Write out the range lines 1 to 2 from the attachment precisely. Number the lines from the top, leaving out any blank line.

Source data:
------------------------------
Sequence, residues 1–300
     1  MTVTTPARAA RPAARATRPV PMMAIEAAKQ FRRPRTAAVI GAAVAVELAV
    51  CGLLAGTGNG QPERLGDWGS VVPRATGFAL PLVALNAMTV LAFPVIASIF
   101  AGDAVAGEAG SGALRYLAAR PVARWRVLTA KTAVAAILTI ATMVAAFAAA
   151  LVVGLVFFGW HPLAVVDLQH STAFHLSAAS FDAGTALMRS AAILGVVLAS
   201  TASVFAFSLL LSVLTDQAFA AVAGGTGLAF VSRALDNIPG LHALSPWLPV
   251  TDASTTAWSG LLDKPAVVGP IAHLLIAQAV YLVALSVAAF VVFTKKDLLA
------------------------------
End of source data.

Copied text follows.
Sequence, residues 1–300
     1  MTVTTPARAA RPAARATRPV PMMAIEAAKQ FRRPRTAAVI GAAVAVELAV